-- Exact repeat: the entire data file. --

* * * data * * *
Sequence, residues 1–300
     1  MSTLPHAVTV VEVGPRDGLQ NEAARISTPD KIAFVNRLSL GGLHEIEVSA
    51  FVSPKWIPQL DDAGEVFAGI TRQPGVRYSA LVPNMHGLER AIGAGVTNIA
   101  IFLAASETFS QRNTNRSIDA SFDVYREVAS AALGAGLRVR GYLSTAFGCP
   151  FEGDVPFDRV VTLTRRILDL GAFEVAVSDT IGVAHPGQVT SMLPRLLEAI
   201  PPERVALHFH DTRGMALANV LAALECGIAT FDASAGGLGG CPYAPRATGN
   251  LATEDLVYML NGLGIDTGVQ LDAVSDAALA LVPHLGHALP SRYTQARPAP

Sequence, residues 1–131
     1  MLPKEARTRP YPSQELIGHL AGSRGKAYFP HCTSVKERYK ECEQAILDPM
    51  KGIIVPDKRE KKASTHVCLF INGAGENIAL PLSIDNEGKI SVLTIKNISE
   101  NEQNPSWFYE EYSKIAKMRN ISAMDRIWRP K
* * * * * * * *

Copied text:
Sequence, residues 1–300
     1  MSTLPHAVTV VEVGPRDGLQ NEAARISTPD KIAFVNRLSL GGLHEIEVSA
    51  FVSPKWIPQL DDAGEVFAGI TRQPGVRYSA LVPNMHGLER AIGAGVTNIA
   101  IFLAASETFS QRNTNRSIDA SFDVYREVAS AALGAGLRVR GYLSTAFGCP
   151  FEGDVPFDRV VTLTRRILDL GAFEVAVSDT IGVAHPGQVT SMLPRLLEAI
   201  PPERVALHFH DTRGMALANV LAALECGIAT FDASAGGLGG CPYAPRATGN
   251  LATEDLVYML NGLGIDTGVQ LDAVSDAALA LVPHLGHALP SRYTQARPAP

Sequence, residues 1–131
     1  MLPKEARTRP YPSQELIGHL AGSRGKAYFP HCTSVKERYK ECEQAILDPM
    51  KGIIVPDKRE KKASTHVCLF INGAGENIAL PLSIDNEGKI SVLTIKNISE
   101  NEQNPSWFYE EYSKIAKMRN ISAMDRIWRP K